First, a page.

Alexa, Please Kill Me Now
The biggest conundrum in technology is that it’s harder to tell a computer to do something than it is for the computer to do it. Complex and difficult jobs are fairly easy for digital power to accomplish, but instructing and directing the nuance and intention of that complexity remains an evergreen challenge. Thus the rationale for the entire profession of interaction design.
Some people think that the difficulties of directing digital technology will ease dramatically when we perfect the voice interface. That is, when we can simply talk to our computers, interacting with them will become simple, clear, and easy. This notion has been around for decades, and like a tire fire eternally burning in the foothills, it will never subside. As voice recognition software has gotten better — and it’s pretty good, now — the noxious flames mount ever higher.
Our imagination glides to a Hollywood vision of effortless, empathetic conversation, and our machines-of-loving-grace respectfully bow as they retire to do our bidding. They become our sentient and willing servants, responding to our verbal commands. “Fix dinner.” “Let Jen know that I’ll be late.” “Increase sales by ten percent.” “Make sure nobody is spying on me.”
This vision is not just anthropomorphic, it’s fantastic. It’s not just imputing human capabilities onto computers, it’s imputing super-human capabilities. Just because we can form a thought in our head, we mistakenly assume that someone else can form that same thought based on some noises we make in our throats.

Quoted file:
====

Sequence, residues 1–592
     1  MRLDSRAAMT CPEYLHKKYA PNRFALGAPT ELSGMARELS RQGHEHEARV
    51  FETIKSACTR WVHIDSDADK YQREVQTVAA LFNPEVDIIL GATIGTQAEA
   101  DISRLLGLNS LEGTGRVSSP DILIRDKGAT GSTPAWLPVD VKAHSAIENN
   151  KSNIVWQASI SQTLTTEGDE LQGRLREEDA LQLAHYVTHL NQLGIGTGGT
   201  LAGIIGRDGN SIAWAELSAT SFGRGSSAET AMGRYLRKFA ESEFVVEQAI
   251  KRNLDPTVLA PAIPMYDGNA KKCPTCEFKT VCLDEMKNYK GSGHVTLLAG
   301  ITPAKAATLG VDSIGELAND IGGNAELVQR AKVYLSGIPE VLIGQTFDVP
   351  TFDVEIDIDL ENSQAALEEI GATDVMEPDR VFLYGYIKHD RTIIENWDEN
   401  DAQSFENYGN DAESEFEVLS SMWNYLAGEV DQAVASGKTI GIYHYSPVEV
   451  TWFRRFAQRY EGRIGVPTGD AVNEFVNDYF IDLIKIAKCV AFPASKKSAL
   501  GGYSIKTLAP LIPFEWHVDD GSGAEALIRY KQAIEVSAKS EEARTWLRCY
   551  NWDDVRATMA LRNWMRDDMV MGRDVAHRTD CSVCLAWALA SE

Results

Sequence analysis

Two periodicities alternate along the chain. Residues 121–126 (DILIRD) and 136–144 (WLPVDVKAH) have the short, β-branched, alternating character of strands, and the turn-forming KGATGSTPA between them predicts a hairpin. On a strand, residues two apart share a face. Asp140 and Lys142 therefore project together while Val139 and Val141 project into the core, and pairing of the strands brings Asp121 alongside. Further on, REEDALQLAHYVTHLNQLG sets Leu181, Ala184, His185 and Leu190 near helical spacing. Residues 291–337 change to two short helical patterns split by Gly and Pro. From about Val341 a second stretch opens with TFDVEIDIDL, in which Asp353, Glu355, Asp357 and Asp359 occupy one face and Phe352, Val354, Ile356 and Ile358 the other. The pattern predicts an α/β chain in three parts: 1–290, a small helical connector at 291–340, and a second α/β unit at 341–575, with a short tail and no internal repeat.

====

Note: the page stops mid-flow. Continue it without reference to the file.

Just because your computer recognizes the words you say, don’t extrapolate from that to assume that it understands what you mean. Your spouse, who has lived with you for 20 years is just now getting an inkling of what you mean when you talk. Your computer is likely never going to understand you for the simple reason that the things you say aren’t really understandable.
The long history of confusion, misunderstanding, and failed human-to-human communications should keep us on notice that this assumption is based on what we want and not on what actually exists. If giving verbal instructions to people is so fraught, how are we ever going to effectively give verbal instructions to computers? Lots of people, me included, think this fantasy world will remain an unattainable chimera.
“Alexa, turn off the lights!” is voice recognition capability that’s already here. It’s cool! It’s fun! Amaze your friends! It’s not a killer app, but it is what the technology can do today, so we will see oceans of similar behavior in the near future. Of course, the unintended consequences of every cheesy appliance in your household having built-in voice recognition is remarkably easy to foresee. “Alexa, turn off the lights!” “Not those lights!” “No, the other lights!” “Alexa, just the lights in the garage!” “No, Alexa, turn them off, not on.” “Just the garage lights.” “Damn you, Alexa!”
One of the things that tantalizes and confuses us about conversational user interfaces is that modern software is quite good at speech recognition. Unfortunately, “quite good” is a relative term, depending on what you are trying to do.
Several years ago a good friend of mine with a strong pedigree in the healthcare industry started a company to address the age-old problem of doctors taking notes. Currently, physicians spend nearly as much time jotting down notes as they do examining patients and this product promised to be a great timesaver. My buddy was going to let doctors simply speak those notes into a lavalier microphone as they poked and palpated their patients. The product relied on the very capable Dragon speech recognition platform. Everything worked fine except that it didn’t work fine enough for the needs of healthcare. The doctors found that they still had to proofread the transcription. In mission-critical apps, 99.9% success means a one-in-a-thousand failure rate. When people’s lives are at stake, that’s not good enough.